Naturally human work was more creative, more inspiring, more important than robot drudgery. Naturally it was the most important task in all the world … or was it?
on it." If it matters a damn, he added. But silently.
They entertained three couples at their house-warming party. It was a delightful party, a credit to Ben, Betty and the finest built-in house robots the mind of Amalgamated could devise.
By ten o'clock they had dropped a dozen or more random hints, but never a sales pitch. Suspense was building nicely when Betty put down an empty glass and unobtrusively pushed the button to cue Nana. Perfect timing. They apologized to the guests, "We're ashamed to be so old-fashioned but we feel better if we look in on the boy when he wakes in the night. It keeps him from forgetting us."
Then they floated off upstairs together, ostensibly to see Nana and little Bennie.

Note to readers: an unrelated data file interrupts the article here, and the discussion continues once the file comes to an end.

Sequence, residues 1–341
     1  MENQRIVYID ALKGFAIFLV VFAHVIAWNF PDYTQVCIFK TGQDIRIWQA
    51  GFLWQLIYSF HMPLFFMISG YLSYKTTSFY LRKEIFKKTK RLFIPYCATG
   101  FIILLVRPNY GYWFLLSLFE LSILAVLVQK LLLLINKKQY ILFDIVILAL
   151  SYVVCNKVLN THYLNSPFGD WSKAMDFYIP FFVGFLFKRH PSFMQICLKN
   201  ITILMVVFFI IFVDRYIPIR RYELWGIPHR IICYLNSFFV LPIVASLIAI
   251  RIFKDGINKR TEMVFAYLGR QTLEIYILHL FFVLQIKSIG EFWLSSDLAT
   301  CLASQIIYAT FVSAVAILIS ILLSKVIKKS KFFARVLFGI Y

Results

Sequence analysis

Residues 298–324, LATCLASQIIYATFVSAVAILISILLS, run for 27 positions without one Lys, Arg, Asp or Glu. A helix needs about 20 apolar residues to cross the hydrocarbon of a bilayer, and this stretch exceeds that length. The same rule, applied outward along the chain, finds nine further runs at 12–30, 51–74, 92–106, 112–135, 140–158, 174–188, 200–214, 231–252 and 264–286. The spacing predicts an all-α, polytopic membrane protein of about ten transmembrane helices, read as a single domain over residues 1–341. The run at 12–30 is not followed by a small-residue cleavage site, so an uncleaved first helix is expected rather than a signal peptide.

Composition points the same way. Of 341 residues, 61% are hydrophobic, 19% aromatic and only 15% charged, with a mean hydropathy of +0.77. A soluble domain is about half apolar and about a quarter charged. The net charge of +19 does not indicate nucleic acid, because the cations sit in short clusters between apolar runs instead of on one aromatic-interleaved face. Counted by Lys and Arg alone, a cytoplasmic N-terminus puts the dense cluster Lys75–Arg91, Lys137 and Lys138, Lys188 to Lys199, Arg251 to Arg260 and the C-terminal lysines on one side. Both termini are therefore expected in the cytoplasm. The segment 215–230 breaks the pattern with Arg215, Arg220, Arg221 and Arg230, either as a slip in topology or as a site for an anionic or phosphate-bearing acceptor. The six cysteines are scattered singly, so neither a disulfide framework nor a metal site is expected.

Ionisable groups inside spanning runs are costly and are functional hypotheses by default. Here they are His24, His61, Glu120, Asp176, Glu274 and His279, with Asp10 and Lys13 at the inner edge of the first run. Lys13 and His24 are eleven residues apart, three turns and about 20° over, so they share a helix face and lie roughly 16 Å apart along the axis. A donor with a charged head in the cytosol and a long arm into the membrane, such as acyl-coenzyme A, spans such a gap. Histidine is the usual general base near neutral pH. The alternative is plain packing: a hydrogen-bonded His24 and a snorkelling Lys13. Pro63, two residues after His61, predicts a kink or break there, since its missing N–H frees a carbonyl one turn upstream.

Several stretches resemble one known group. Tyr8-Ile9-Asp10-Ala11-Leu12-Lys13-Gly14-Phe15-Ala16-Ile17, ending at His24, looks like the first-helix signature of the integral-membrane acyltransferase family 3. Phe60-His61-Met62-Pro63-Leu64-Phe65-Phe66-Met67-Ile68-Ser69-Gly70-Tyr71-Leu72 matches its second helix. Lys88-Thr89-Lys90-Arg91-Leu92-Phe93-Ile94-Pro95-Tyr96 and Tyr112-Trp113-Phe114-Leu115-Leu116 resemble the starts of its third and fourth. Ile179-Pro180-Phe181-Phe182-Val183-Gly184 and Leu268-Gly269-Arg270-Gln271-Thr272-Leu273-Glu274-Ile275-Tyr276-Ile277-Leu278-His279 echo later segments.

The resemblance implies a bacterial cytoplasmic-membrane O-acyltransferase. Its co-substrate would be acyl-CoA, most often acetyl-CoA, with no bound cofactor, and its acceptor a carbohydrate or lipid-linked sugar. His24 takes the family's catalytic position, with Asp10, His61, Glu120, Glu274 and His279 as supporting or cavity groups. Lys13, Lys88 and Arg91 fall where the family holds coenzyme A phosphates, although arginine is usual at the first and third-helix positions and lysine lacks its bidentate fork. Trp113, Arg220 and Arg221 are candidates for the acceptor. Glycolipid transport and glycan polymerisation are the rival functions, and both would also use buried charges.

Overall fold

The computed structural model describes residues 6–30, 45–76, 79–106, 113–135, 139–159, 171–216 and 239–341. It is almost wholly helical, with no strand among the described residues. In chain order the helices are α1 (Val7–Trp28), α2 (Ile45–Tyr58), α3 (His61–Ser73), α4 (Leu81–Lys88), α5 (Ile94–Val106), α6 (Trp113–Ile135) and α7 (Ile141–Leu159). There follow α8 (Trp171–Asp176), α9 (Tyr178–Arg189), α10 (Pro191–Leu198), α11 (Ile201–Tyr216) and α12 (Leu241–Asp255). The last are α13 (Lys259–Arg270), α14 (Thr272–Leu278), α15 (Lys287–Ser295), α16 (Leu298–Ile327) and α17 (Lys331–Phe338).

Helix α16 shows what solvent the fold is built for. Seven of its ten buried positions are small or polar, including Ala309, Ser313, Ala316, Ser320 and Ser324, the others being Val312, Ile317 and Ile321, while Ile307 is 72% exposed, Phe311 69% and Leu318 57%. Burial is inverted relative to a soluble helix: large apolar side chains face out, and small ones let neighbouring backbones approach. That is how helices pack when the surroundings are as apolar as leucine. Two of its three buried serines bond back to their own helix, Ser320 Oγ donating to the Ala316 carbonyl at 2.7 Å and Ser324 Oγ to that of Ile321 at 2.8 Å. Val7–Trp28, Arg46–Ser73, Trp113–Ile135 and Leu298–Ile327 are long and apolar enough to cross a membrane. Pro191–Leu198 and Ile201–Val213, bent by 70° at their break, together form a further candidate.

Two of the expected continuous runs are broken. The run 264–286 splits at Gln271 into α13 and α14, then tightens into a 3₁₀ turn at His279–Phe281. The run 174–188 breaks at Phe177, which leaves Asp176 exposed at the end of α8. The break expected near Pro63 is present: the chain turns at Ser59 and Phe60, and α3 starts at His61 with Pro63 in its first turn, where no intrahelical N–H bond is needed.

Fred Stoddard: "Some place they have here, eh? Off-beat. A little too advanced for my taste, this single dwelling idea, but maybe--Ben sure must have landed something juicy with Amalgamated to afford this. What the devil is he pushing, anyway?"
Scoville Wilson (shrug): "Bea
The story has a nice twist at the end, but getting there is a bit of a long haul. In this future world, everything menial (which comes to mean everything--art, writing, ) is done by machines, except salesmanship. Robots evidently can't get the hang of sales. The story concerns the best salesman of the company making a huge sale. And rebellion against the status quo, and what makes a good wife and mother.